It’s that time of the year again when students of all types start or go back to school after a working or time-off break in the lazy hazy days of summer! For some It can be a time of excitement and fun as they look forward to connecting with old friends, making new ones and enjoying another year of discovery and learning. But how many of us have experienced this time as one of anxiety and distress and feel the angst of seeing our children going through the same thing?
The ‘back to school’ shopping hype in the media at this time of the year often only adds to the stress. As a parent of two young adult daughters, I recall the tightness in my chest during the shopping trips for clothes and supplies that are a ritual part of family activities in the last days of August. Whereas for some parents the focus on back to school shopping at this time of the year can serve as a distraction or relief as they prepare for the upcoming year, for others it can reinforce feelings of inadequacy and failure as they seem unable to meet their child’s needs and expectations. And in either case, the thoughts and questions lying just below the surface are often the same. “What if they have difficulty making or keeping friends again?” “How will we deal with the bullying issue?” “What if they drop back a year or drop out?”
“As a parent of two young adult daughters, I recall the tightness in my chest during the shopping trips for clothes and supplies that are a ritual part of family activities in the last days of August.”
As parents, we put expectations and responsibility on ourselves for our child’s performance, success and happiness during their school years. And at the same time, we put our attention on THEIR experience – their friendships, the class environment, their relationship with teachers, their learning challenges, their study habits etc. Not that this is not merited and can be very helpful, but in putting most of our attention there, I suggest we are missing a very important piece of the puzzle. That missing piece is our OWN school experience and how the unresolved issues from that experience can have a profound influence on our children’s school experience. What if I were to tell you that by putting our attention there, on what we are still carrying and where are still stuck around what happened to us at school, we are going to learn one of the biggest lessons that school ever offered us! And it will be an immensely beneficial lesson for our children as well.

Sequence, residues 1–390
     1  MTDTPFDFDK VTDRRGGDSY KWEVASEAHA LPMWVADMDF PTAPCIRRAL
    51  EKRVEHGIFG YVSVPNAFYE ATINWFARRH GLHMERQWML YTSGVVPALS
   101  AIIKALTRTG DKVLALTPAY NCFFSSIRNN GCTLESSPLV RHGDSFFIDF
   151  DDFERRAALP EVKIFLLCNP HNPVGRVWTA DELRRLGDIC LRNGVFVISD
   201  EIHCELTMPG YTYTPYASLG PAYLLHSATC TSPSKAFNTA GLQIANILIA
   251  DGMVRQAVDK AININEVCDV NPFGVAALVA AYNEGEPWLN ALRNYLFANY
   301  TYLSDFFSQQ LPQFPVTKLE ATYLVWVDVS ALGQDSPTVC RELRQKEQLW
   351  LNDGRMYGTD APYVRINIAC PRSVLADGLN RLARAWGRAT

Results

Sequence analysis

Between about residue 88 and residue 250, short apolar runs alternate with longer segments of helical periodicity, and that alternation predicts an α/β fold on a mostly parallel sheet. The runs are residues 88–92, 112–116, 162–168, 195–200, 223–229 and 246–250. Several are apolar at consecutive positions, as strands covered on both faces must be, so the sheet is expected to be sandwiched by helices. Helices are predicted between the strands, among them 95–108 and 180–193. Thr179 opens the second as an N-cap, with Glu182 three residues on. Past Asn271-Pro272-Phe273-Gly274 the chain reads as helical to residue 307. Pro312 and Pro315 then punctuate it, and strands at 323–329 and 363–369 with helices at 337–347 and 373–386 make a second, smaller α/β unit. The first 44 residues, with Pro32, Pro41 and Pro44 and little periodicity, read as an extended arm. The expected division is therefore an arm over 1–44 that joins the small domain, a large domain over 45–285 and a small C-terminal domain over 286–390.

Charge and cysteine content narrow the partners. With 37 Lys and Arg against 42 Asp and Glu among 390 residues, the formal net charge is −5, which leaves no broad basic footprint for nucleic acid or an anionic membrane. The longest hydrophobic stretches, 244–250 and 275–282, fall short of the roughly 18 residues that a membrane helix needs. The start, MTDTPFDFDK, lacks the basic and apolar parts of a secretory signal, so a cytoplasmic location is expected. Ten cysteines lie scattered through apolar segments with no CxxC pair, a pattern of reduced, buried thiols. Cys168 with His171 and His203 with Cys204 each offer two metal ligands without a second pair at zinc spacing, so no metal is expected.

I want to emphasize that my aim in making the connection between a child’s anxiety and parents unresolved issues about their school experience is not to REINFORCE parent’s stress and sense of responsibility for their child’s struggles at school. In fact, it is quite the opposite. It’s actually to see that as parents we can RELEASE ourselves and our children from the emotional and behavioural patterns that limit us, not just at school but in any area of life. And we do this when we have the willingness and courage to look at our early life school and family experiences, which formed the lens through which we view ourselves, others and the world.
If we choose to undertake this often challenging but ultimately rewarding assignment we come to see the ways in which we made these experiences mean there was something wrong with us. Although this interpretation was made in instant and then pushed out of our awareness, we came to strongly identify with it and, as mentioned, it became the lens through which we viewed everything that happened to us in our lives. Thus before we know it we find ourselves struggling with incidents or patterns of: